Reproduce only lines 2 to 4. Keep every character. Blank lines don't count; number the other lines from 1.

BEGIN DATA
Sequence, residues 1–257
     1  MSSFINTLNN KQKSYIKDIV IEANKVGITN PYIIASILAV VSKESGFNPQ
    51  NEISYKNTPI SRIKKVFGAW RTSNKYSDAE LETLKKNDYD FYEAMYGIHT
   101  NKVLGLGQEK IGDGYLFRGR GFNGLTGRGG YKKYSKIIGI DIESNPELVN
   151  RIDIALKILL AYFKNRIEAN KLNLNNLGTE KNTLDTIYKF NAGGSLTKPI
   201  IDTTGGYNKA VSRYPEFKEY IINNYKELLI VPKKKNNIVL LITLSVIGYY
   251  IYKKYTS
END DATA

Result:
     1  MSSFINTLNN KQKSYIKDIV IEANKVGITN PYIIASILAV VSKESGFNPQ
    51  NEISYKNTPI SRIKKVFGAW RTSNKYSDAE LETLKKNDYD FYEAMYGIHT
   101  NKVLGLGQEK IGDGYLFRGR GFNGLTGRGG YKKYSKIIGI DIESNPELVN